The title of this article, as it pertains to business partners, may seem to be in conflict with the business partner articles in Chapter 4 as well as most of the articles in this chapter. The title is another way of following the cautionary old saying of “Be careful what you wish for”. The implication is that there could be unintended consequences associated with achieving your goal. In this particular case, you may form a business partner relationship that can quickly turn sour. This situation commonly occurs when a startup or smaller company forms a relationship with a much larger, more mature company. In this series of articles, those companies are referred to as Goliaths. Although the intent of both parties may be correct, the expectations may be inconsistent.
An example of this situation is a new or smaller company that has a new product and is “longing for” national distribution. Only to find out after the fact that they are totally incapable of meeting the support and volume demands placed on them by their new, huge distribution channel. The article in this collection, “Revenue: The Wonder Drug” uses the somewhat crude analogy of this situation with the comment that “You choke to death must faster than you starve to death”. The key message is to be ready and to carefully think through what will be required of your organization by a potential business partner.
In many cases, a larger business partner’s basic requirements may be well beyond the scope of your company. Such items as automated order entry and processing systems, automated customer service systems with 7 day by 24 hour support availability, return and repair systems, MRP systems, and formalized sales forecasting system may be fundamental requirements that a large partner needs to use to manage their businesses. You, on the other hand, may be accommodating your business volumes using Microsoft Excel™ worksheets and Word™ documents. At your current stage, you simply may not have the resources to implement the required systems associated with high business volumes. As one other example, many large companies require all of their vendors and partners to have implemented a formal quality system that may included outside, independent certifications, and even past applications to the Malcolm Baldrige National Quality Award. It is hard to argue with a mature company’s focus on this issue, but it is equally hard to argue that a new or small company can focus their resources on the required formal processes. This example in no way is meant to diminish the importance of providing quality products or services by organizations of any size. It is meant only to highlight the difference in expectations that can arise during partnering implementation.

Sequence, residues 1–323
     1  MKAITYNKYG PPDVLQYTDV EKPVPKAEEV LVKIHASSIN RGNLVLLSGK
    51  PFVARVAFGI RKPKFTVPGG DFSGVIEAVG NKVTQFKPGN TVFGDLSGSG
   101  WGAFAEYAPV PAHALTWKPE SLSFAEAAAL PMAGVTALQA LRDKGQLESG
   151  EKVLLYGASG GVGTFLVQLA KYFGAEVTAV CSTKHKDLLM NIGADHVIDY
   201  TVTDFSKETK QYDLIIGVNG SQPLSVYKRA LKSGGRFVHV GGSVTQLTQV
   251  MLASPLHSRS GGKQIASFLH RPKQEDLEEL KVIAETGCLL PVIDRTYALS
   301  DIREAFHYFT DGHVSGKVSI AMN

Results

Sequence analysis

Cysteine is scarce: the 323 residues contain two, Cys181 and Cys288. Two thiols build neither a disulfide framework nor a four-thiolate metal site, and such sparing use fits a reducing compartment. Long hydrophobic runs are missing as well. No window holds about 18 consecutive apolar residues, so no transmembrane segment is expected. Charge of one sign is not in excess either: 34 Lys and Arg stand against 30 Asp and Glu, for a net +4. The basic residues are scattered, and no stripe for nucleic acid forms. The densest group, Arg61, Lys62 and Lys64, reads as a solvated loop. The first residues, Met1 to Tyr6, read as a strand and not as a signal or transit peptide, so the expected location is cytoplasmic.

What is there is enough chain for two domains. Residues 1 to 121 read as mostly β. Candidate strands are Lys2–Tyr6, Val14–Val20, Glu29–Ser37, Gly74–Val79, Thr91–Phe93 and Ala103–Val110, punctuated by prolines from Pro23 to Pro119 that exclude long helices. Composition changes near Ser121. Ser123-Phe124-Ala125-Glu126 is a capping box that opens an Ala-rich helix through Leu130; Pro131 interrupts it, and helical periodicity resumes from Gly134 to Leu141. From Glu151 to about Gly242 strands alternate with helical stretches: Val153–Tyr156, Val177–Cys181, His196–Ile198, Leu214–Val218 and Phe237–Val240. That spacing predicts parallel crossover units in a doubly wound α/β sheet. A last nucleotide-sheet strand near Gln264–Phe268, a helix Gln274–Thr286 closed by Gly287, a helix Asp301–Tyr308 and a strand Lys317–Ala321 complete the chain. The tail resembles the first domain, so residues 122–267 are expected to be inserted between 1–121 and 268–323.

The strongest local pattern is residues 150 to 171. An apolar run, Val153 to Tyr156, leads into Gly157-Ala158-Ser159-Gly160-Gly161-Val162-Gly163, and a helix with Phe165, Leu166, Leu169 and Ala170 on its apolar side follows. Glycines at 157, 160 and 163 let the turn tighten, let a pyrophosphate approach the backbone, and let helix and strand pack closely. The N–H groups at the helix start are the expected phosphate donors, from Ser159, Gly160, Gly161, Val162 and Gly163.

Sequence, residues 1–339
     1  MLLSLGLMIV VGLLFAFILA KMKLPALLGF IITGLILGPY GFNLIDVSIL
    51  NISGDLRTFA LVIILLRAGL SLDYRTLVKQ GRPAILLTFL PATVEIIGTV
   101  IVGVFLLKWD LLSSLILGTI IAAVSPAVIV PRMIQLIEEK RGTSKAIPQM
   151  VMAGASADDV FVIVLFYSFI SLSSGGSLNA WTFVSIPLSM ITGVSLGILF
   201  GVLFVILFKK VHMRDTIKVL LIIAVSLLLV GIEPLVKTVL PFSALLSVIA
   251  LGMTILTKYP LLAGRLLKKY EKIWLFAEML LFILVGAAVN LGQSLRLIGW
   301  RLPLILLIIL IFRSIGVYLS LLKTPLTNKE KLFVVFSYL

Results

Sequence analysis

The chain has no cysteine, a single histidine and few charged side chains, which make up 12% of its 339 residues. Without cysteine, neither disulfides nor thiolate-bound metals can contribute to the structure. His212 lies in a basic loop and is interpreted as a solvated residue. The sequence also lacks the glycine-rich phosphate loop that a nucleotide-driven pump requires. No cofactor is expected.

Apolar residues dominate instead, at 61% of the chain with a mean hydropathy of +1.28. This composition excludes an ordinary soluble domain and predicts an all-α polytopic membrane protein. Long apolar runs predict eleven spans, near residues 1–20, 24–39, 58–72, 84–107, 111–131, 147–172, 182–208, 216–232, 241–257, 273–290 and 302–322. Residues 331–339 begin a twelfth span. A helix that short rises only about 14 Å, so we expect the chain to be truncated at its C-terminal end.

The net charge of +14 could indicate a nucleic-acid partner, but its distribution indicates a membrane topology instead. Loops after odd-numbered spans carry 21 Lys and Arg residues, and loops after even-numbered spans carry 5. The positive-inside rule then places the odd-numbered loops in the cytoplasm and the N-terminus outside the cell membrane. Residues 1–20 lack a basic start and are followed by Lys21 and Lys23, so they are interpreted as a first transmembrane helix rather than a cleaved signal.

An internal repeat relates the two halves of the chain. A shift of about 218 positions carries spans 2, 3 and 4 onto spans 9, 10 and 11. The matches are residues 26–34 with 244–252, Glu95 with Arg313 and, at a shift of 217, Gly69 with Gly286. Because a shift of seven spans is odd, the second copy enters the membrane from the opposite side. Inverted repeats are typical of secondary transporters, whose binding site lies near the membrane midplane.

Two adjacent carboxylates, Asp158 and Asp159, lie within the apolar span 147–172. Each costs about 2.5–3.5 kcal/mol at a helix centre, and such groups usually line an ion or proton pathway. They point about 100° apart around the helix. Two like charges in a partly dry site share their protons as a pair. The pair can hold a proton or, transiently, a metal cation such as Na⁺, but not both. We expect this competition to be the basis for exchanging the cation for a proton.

The impact of surprised missed expectations is that the relationship can be terminated with long-lasting repercussions. Later, when you have implemented the required systems, the Goliath partner will remember the past and may not even entertain a future partnership. In deciding to pursue a partnership, be sure to clearly understand what you have to offer, what you expect in return and equally important what your potential partner will require and what they can expect in return. Upfront, paint a realistic picture of who you are, where you are, and what you can offer. If their initial assessment is not positive, postpone the engagement to avoid a quick and awkward divorce early in the relationship.